In French Africa things have been at least as good, except for the bloody deadlock of folly in Algeria, and even there there is at least a hope that peace will come at last. There could be no better news for someone who loves France. For years now the country has been almost unlivable, for me at least. The entire population has been caught up and wrung like rags in a crisis of conscience. The significant thing is that the French, notoriously a little giddy politically, have felt this way. The Algerian war gnawed like a rat at the very heart of every responsible French man and woman. How many of our national sins trouble the rest of the average American?

As for The Congo — at least they are free. If you are a Congolese I am sure any kind of freedom is better than none.

In America there has been a somewhat similar conquest of civil rights for the whole population. We still have a long, long way to go. But in 1960, for the first time in my lifetime, light appeared at the end of the dark tunnel.

Just a little while ago even the most dedicated Northern Liberal, of whatever color, was liable, secretly, to consent to the catchword of the Southern Reactionary: “It’s bound to come in time, but it will take two hundred years.” Now it begins to look as though “It,” at least as far as legal rights are concerned, might not take more than that many months.

Ever since the last war our social critics have been accusing the American people of fat heartedness and sloth. We have been supposed to be lacking in all sense of social responsibility and in what they call national purpose. Our college professors, themselves products of the tempestuous ’30s, have been especially hard on American youth. Sparked by the sit-ins of Negro students, the last year has seen a tremendous upsurge of activity amongst American students. Whatever form this took it would be all to the good, but the remarkable thing about it has been that it has been free, spontaneous, and moral, rather than political in the narrow sense. At least amongst people under 30 there has certainly been an awakening of the American social conscience.

Looking back, it seems now that most of our crises have been crises of talk. We have been able to take it out by abusing each other. That is just dandy. Nobody pushed those banks of buttons over the U-2. The Chinese have not invaded Laos or Taiwan. The Marines have not landed in Cuba. The Congolese seem to be tiring. The UN proved able to cope with Khrushchev.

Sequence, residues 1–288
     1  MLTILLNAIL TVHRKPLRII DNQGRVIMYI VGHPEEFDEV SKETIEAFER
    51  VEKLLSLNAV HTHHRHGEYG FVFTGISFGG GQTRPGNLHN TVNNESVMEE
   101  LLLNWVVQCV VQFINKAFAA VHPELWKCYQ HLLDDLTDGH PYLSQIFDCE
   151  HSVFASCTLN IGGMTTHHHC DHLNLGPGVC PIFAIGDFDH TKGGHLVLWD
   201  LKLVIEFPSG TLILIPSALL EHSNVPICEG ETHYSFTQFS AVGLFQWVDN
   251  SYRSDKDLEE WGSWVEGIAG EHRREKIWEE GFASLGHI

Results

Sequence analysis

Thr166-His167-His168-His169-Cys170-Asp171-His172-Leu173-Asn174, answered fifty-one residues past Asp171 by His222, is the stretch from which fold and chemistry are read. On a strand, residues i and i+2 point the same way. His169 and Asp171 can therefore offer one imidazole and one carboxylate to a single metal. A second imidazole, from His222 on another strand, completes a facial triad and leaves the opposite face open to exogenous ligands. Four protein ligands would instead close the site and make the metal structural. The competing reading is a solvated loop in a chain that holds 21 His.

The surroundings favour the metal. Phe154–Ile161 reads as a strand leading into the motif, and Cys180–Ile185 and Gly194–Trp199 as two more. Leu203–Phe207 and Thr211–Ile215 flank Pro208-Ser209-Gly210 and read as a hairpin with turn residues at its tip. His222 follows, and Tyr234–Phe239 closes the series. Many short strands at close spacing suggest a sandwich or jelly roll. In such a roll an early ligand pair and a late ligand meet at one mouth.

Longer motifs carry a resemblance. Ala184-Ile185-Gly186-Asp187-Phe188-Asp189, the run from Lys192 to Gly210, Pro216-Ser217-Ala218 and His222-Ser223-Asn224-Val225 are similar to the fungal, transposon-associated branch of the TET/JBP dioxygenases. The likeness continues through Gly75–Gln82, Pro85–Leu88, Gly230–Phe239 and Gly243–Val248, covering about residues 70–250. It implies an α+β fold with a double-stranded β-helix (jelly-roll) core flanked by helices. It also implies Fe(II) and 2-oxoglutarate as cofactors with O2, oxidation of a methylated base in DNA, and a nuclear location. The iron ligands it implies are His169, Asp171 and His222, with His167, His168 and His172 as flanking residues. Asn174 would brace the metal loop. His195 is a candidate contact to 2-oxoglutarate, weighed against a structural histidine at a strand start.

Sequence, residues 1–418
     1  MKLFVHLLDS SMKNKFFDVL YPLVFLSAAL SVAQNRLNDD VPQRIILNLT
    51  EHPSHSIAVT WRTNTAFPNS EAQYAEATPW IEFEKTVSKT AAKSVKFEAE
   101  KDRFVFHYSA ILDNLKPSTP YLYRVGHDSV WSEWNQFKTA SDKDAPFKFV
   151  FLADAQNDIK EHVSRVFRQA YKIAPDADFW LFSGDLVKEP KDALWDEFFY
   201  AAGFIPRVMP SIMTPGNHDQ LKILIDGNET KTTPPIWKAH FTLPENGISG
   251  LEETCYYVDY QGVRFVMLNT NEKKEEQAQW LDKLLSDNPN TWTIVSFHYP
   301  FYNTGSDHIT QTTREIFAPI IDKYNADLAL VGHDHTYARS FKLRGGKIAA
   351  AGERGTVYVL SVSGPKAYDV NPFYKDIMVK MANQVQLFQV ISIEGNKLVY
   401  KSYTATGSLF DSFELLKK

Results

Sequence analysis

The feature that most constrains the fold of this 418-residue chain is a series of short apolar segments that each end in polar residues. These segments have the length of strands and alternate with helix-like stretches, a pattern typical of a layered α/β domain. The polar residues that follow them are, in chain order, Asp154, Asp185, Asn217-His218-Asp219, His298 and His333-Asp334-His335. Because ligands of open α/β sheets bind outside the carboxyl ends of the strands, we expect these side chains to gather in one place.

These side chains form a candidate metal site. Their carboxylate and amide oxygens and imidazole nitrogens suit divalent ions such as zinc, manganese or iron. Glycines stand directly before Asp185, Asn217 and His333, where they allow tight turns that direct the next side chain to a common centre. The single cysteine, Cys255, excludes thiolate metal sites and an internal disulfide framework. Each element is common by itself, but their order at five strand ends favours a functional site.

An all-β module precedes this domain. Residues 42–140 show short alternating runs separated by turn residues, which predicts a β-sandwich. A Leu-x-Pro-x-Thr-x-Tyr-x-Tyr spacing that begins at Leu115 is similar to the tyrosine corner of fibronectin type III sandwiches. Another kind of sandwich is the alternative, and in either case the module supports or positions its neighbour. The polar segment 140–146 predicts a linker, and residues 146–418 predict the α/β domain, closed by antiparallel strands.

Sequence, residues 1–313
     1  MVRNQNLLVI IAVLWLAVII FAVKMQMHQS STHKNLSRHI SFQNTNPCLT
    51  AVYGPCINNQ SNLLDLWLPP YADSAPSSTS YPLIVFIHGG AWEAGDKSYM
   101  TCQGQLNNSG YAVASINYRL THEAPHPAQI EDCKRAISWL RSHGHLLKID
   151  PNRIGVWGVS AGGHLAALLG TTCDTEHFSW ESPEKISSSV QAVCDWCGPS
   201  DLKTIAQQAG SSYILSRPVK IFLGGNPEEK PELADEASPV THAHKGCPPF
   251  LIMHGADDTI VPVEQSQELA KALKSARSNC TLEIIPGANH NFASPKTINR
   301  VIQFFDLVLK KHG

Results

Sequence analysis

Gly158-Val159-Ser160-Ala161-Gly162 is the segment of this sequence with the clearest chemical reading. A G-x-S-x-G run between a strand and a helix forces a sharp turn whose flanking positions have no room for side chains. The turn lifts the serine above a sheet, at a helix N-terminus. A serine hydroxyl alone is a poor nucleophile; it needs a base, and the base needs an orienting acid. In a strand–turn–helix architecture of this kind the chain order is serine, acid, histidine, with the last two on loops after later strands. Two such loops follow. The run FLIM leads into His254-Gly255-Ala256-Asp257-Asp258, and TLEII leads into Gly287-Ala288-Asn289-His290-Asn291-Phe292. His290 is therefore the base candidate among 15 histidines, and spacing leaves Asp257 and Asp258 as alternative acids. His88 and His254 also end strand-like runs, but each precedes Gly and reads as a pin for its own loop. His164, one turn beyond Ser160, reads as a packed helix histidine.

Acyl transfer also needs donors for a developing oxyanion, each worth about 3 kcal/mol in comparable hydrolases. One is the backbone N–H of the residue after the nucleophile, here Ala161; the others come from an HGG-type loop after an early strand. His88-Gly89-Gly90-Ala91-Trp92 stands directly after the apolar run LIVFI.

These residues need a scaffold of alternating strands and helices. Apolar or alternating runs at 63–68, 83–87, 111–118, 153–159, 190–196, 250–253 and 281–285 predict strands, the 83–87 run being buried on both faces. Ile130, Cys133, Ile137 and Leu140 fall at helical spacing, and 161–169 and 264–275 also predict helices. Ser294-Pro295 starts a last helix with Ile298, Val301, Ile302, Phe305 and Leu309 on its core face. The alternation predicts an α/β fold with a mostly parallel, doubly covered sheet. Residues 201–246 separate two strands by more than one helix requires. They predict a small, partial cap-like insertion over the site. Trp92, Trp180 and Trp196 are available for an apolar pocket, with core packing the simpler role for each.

Who knows? We may talk ourselves out of the woods yet.

[January 1, 1961]



Little Theater

People in the Little Theater always think of themselves as non-, maybe even anti-, commercial and devoted to the art of drama. They fancy themselves as occupying the growing point of the theater, the place where vitality is concentrated, where the new and inventive in plays and acting styles first appeared.

Looking back over the years, I don’t think this claim is true. By and large the Little Theater in America has simply been the amateur theater.

It has existed to satisfy those people who have carried over into adult life the universal childhood passion for dressing up and carrying on. Its leaders have been most often scarcely literate in the world’s drama, and more conventional in their tastes than many Broadway or Hollywood producers. Stage designers, lighting experts, production people generally, have been at best vague and clumsy. The repertory is mostly out-of-date Broadway successes which can be obtained cheaply, or the standard chestnuts of the “Movement” for 40 years — Shaw, Ibsen, O’Neill, and now Brecht and Ionesco.

Still, you can’t get around it, there’s something about live actors. When you come right down to it, Brigitte Bardot and Kim Novak are just flickers of light and dark, and much too large, to boot. Real meat actors provide something the electronic ones don’t have; it is to make up this dietary deficiency, felt by only a small minority of the population, that the Little Theater exists.

In San Francisco we’re lucky. We have a lot of live small theaters and their standards are appreciably higher than they are elsewhere — “elsewhere” meaning London, Paris and New York. One of them is close to being the best of its kind anywhere.

The Little Theater can be a punishing experience, an embarrassing ordeal. Here in San Francisco we at least get a level of competence, and an unusually high level of good taste and good sense. One thing we are not, and that is “experimental.” Very seldom does anyone take any chances with a play or even with its production.